The consequences of superhero destruction are rarely ever tackled in film, for good reason. The thought of all the casualties at the hands of supersized fights is a sobering one that really can put a damper on the exuberant (fun) thrashings being given to heroes and villains alike. Captain America: Civil War is able to capitalize on this relatively untested thematic ground and still make for an ensemble performance that hits all the right notes. Bringing a whole new level of depth to characters, Marvel continues to prove its films can be more than just about ground-and-pound action, speaking about the humanity that remains in all of us.
In an attempt to save his friend Bucky Barnes, the Winter Soldier (Sebastian Stan), from a different age than theirs, Captain America (Chris Evans) chooses to stand against provisions, the Sokovia Accords, that would hinder the Avengers’ influence and effectiveness in the world. As the Avengers begin to divide on the issue, several factions form. Much to the dismay of Tony Stark (Robert Downey, Jr.), a dark spiral of events ends in the two groups squaring off, each towing a harsh line of friendship tainted by vitriolic ideological dissent.
One of the best aspects of this film is that it hits all the emotional notes with the appropriate weight. Characters are able to deliver lines passionately, explaining their motivations and convictions, and in the next instance throw out quips, poking fun at friends on the other side of a bitter struggle. This duality is especially apparent Spider-Man (Tom Holland), with his chipper, mirthful attitude, Ant-Man (Paul Rudd), acting as the new guy in town, and the charming naivete of the Vision (Paul Bettany). The result is a film that hits you with hard questions, but gives plenty of palate-cleansers, never venturing too far into the drear of a Zack Snyder superworld.
Evans and Downey, Jr. function very well as the philosophical fulcrum of the film. Each is relatable and their emotions are worn on their sleeves. This makes for a dynamic experience for viewers, as one will certainly feel the validity of the two sides pulling the audience toward each pole. Not only does each character hold fast and hard to his or her point of view, but each has visual, visceral reactions to the challenges of other heroes and momentous narrative revelations. Downey, especially due to the gravity of several key plot points, makes Iron Man much more man in this film than iron.
And because of this, the impressive level of action feels all the more pressing and meaningful. Though viewers may not relish in Hawkeye (Jeremy Renner) and Black Widow (Scarlett Johansson) exchanging blows, it feels necessary and justified. The mutually-assured destruction of these beloved characters is as visually striking as it is charged with pathos and a hint of comedy.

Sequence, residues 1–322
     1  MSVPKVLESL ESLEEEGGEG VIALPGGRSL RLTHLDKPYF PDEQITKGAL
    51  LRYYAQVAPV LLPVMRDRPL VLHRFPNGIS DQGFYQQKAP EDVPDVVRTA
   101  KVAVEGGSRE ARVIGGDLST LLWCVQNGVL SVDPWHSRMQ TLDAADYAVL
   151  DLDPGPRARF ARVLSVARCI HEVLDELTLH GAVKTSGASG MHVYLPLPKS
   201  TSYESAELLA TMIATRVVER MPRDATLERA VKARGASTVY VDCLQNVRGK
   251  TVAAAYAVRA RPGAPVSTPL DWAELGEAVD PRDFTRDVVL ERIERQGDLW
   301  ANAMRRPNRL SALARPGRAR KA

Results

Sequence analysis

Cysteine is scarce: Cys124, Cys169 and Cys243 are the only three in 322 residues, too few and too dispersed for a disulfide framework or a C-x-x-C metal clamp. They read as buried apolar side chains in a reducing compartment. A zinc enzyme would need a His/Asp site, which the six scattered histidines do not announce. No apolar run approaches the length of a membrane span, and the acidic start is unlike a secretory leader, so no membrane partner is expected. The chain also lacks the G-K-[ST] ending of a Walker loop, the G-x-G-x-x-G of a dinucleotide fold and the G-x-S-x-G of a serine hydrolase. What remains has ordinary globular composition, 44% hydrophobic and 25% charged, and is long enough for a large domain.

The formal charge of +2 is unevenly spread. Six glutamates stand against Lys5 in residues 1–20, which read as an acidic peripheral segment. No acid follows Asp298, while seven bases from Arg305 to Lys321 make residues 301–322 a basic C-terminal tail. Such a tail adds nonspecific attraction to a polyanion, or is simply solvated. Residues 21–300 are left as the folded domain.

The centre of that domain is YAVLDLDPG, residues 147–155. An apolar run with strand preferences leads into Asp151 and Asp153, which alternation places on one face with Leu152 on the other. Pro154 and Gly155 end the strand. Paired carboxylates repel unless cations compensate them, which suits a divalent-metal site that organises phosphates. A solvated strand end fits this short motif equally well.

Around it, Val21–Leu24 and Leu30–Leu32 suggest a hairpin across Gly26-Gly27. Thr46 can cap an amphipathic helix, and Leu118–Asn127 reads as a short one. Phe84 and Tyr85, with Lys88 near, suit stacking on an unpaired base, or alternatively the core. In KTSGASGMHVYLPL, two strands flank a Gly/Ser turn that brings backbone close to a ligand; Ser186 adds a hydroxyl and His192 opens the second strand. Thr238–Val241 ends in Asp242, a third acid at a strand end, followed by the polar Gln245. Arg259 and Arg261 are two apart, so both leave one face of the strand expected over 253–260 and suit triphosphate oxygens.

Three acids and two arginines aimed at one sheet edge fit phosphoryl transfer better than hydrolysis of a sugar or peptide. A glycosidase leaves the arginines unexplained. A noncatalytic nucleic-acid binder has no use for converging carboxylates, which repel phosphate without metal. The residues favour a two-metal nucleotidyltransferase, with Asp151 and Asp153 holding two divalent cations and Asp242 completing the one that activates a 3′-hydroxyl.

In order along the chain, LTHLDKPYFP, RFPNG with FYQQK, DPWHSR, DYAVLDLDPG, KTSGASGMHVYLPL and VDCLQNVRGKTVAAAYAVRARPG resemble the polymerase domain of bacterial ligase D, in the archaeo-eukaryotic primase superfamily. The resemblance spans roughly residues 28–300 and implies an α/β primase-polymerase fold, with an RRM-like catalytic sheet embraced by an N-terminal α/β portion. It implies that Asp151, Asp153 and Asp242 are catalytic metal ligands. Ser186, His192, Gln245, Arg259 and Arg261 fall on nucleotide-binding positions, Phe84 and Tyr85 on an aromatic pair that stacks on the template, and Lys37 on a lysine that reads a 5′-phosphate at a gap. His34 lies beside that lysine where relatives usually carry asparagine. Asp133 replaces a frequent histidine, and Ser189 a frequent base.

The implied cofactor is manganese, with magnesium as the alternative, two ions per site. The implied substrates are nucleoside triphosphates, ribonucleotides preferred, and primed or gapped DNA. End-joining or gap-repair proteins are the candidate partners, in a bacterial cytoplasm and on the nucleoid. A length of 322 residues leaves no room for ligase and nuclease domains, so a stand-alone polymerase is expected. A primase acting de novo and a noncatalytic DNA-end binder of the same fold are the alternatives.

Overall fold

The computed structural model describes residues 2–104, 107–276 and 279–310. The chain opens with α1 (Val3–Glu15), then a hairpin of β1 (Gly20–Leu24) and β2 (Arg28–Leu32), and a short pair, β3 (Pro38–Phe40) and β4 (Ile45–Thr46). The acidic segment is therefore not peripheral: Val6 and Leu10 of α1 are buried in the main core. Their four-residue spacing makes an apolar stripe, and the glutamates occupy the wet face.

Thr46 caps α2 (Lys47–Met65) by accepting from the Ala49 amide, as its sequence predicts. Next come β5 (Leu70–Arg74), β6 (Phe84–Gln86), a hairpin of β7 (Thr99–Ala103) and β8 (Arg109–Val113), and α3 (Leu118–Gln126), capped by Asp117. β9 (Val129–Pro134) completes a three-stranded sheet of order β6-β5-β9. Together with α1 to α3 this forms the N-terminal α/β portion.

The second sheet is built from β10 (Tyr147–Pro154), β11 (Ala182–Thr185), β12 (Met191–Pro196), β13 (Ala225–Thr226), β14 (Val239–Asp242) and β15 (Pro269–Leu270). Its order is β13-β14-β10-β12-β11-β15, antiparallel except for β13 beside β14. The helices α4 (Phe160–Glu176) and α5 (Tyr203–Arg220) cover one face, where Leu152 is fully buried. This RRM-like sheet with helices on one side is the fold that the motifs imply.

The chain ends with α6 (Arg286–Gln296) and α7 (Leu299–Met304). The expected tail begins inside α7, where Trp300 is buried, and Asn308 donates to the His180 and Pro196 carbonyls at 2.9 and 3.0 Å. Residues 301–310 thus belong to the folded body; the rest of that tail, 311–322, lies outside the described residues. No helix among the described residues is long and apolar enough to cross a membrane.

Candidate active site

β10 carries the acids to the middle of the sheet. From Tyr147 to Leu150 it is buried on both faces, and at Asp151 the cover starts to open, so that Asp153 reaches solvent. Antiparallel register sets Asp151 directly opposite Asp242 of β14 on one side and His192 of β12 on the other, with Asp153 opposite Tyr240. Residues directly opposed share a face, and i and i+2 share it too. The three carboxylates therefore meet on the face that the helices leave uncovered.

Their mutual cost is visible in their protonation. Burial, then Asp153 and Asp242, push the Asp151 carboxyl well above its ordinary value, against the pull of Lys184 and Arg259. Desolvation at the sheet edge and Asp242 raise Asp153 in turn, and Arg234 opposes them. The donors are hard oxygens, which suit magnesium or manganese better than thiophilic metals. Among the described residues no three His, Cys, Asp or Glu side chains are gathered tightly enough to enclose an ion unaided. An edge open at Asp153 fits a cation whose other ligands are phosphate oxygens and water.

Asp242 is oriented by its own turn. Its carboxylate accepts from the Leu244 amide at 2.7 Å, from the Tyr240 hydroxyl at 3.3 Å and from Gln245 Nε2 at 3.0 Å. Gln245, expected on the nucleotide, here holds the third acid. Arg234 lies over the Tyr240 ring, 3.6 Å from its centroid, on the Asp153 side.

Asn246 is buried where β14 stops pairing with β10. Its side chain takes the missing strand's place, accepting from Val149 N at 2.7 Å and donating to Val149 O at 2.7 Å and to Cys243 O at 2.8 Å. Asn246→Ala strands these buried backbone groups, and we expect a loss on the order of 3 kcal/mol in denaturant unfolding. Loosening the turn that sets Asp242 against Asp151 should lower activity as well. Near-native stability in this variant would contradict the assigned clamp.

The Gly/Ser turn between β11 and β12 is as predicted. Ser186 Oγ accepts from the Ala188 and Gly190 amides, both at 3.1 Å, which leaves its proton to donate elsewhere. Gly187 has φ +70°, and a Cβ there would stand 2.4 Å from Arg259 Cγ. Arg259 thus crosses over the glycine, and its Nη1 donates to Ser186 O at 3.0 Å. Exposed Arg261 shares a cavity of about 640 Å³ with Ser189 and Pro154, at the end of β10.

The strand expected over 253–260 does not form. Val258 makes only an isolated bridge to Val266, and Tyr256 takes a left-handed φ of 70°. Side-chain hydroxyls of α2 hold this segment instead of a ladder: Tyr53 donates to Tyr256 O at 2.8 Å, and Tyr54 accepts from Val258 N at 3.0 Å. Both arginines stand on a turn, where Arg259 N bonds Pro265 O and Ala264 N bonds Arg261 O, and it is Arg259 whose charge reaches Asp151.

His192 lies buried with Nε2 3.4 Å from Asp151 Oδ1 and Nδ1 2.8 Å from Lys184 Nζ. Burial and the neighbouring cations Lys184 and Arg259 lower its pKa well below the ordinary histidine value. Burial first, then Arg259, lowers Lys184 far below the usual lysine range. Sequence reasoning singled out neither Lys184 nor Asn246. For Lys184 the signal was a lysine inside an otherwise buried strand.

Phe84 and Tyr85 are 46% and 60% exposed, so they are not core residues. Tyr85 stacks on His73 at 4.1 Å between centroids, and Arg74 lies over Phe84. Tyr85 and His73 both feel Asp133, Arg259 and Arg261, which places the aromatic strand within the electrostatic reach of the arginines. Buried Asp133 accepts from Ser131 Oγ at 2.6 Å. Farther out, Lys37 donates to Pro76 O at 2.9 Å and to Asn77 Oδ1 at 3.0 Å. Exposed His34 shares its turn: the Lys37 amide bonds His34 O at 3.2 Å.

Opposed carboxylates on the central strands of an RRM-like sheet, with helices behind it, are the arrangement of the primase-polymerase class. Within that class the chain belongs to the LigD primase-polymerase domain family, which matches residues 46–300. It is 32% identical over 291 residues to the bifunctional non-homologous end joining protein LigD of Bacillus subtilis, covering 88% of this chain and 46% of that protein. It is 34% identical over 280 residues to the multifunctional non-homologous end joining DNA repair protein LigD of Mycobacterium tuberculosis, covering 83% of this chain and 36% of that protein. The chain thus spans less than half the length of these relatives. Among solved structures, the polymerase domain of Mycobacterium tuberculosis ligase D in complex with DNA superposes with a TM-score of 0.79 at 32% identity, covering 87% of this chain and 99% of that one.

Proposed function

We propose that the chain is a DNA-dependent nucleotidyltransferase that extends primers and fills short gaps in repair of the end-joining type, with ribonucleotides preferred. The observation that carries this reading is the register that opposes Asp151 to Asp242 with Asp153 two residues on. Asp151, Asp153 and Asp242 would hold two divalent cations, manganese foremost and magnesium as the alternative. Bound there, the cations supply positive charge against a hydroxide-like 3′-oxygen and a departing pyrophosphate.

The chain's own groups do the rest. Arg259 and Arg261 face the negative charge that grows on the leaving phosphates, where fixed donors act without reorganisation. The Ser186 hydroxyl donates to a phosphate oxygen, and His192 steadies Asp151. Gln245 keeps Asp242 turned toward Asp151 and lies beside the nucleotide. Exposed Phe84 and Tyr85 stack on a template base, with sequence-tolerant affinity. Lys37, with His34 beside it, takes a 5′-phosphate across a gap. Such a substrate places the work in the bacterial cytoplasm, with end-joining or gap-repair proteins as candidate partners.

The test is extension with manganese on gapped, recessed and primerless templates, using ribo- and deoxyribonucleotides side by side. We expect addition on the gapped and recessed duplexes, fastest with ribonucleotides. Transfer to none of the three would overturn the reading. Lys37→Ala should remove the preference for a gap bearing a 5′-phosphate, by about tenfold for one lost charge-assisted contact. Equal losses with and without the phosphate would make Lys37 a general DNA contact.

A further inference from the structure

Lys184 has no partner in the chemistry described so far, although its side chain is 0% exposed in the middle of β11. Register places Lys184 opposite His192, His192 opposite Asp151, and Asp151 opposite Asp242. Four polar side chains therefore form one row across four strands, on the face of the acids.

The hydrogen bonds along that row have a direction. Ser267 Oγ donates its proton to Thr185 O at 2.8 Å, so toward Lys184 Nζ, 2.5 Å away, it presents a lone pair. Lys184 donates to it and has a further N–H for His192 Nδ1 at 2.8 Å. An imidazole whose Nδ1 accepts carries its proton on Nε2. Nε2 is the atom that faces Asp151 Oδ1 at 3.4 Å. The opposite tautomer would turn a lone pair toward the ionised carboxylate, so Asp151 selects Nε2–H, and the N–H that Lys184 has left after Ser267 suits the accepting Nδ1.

Much of the problems of Batman v Superman, another battle between good guys, stemmed from a lack of substantive character motivations. Civil War does not share this issue. Though simple in its premise, the film is able to show how governmental provisions of control, the Accords, may have a profound impact on the lives of our heroes. With Marvel’s track record thus far, it would seem the company’s narrative ingenuity can adapt to any storyline.
One of the less compelling aspects of the film lies in its would-be villain. Forgettable and, for the better part of the film, irrelevant, the villain seems an afterthought. Though his motivations line up seamlessly with the themes of the film, his screen time could have been better spent on other characters. His ineffectiveness is felt strongly, as much of the story still progresses though the ambitions of those donning capes and masks, without his influence. In a film that will certainly garner the label of “overstuffed,” the villain’s inclusion simply adds to its over-encumbered nature.
The number of characters in the film makes for some cluttered moments, but the story really remains about Cap and Stark. Though Marvel has not made a flawless film, it has not made an ostensibly bad one, either. In Civil War, it may have found its best.
Surprisingly philosophical, Civil War speaks about a kind of moralistic relativism that is apparent in our world. Who is right? Who is wrong? Can any one person’s motivations be more valid than another? Civil War asks this question and shows what may lie on the logical extremes when we attempt to answer. This dichotomy allows the film to remain ambiguous in its conclusion. The symbolic nature of the Avengers, super people in super situations, is used to suggest that such moral conundrums do not belong solely to those endowed with super abilities. Choice is a power all people have.
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